When talking to McDavitt about his class, one gets the impression of its depth. He has created five times the curriculum needed for each grade and has bursting file cabinets to prove it. He often tailors his lessons to cover different angles of what students are learning in their homeroom classes. This broader knowledge base, he believes increases the chances children will internalize the information. For example, while kids are studying Ancient Mali in third grade social studies classes, they simultaneously explore the 14th century spread of Islamic architecture into Mali during McDavitt’s class. Students build a model of Djenne’s mud-brick mosque and synthesize knowledge to write a griot song recounting the story of Mansa Musa, the Malian king who traveled to Mecca and brought new ideas for architecture and learning.
First graders enrich their understanding of George Washington by asking questions about the Washington Monument. Why does George Washington have an Egyptian-style monument? What are obelisks and why were they built? Who are the Masons? “While some kids are going to museums and having books read to them, others are not,” McDavitt explains. Like the other special classes at Abingdon, Architecture was chosen because it would give disadvantaged children diverse experiences and background knowledge, or “more concepts to hang new information on,” he says.
McDavitt is apt to integrate music into lessons as he plays in several African bands, and leads the “Abingdon West African Rhythm Ensemble.” The use of music and other non-traditional routes to learning fits in with Abingdon’s adoption of the theory of Multiple Intelligences. Developed by Howard Gardner at Harvard, the theory states that people employ eight forms of ‘intelligence’ to solve problems: not only linguistic and mathematical-logical (most valued by our society), but also music, spatial/art, body movement, social skills, self assessment, and classification. McDavitt appreciates how M.I. theory teaches students to solve real-world problems and supports children’s natural talents by approaching the material in various modes. “Kids that love music,” McDavitt explains, “will retain more with musical avenues to explore what they are studying.”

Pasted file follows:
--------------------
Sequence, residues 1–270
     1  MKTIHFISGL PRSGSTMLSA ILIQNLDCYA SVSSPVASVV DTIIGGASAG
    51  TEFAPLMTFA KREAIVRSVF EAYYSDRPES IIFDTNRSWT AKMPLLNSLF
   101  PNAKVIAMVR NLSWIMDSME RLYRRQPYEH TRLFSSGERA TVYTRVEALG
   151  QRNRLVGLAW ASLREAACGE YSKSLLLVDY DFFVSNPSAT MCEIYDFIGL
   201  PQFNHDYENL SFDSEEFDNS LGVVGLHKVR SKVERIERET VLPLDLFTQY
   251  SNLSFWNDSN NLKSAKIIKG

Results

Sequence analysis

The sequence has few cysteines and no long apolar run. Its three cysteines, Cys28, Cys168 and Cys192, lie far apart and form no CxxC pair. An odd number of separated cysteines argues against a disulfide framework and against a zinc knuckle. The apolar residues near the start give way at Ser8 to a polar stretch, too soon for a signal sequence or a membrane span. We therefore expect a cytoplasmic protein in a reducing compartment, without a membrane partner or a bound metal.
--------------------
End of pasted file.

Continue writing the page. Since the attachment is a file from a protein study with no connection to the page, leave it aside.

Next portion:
If student enthusiasm is any judge, Abingdon’s Architecture class is a success. “Kids LOVE Architecture,” says Principal Joanne Uyeda, who believes that the building and creating get children engaged and challenged. Building a tower that can hold 100 pounds, for example, gives children “immediate positive feedback which is wonderful,” she says. Kindergarteners, like Maura Andy, talk about constructive learning centers like giant tinker toys, drafting tables, legos, and wooden dollhouses, which they can explore freely after a more structured lesson. “My favorite center is blocks because once I built a big castle,” says Maura. McDavitt says children often create structures related to what they are learning in class. McDavitt’s creative teaching style is another factor in the class’s popularity. To keep kids listening, he sometimes breaks into a Scottish accent or starts talking like Grover from Sesame Street. “Odd voices are a good hook. Kids really listen when you start talking like Elvis,” remarks McDavitt. “Teaching is very much a performance art.” Parent Cheryl Goodman, laughs about what an influence he has on her first-grader, “Angelika says we have to go to Mount Vernon this weekend because Mr. McDavitt said so. And whatever Mr. McDavitt says, goes. He’s like a rock star!”
Marti Mefford that for her third-grader, Elisha, it was McDavitt’s stories and fascinating facts that made history, geography and architecture come alive for him. “He now knows more about the Roman Empire than I will ever know!” Mefford appreciates how “alive” and “interactive” McDavitt renders material that could be dry to a young person. “It takes a very gifted individual to capture the attention of a room full of eight year-old boys,” she says “and have them making up songs about history.”
Since Abingdon’s Architecture class and Project G.I.F.T. were instituted in 2003, the school’s scores have skyrocketed. Abingdon third-graders’ Virginia Standards of Learning scores in math and social studies jumped from 77% in 2003/04 to 97% in 2004/05 and stayed at those levels in 2005/06. “I think the best compliment is the fact that kids make connections constantly,” says McDavitt. He says this happens across disciplines (from architecture to social studies to literature) and across time (from year to year). This, he says, shows that children are not just storing information in their short-term memory, but truly ownthe knowledge. Which is important if children are to put their education to use. “You know that three times four is 12,” explains Uyeda, “but when you’re in a real situation, when do you use multiplication?” Classes that have real-world applications like Architecture promote higher-order thinking, or “being able to pull on all that knowledge to solve a problem, which,” Uyeda says, “is really what we’re trying to teach kids.”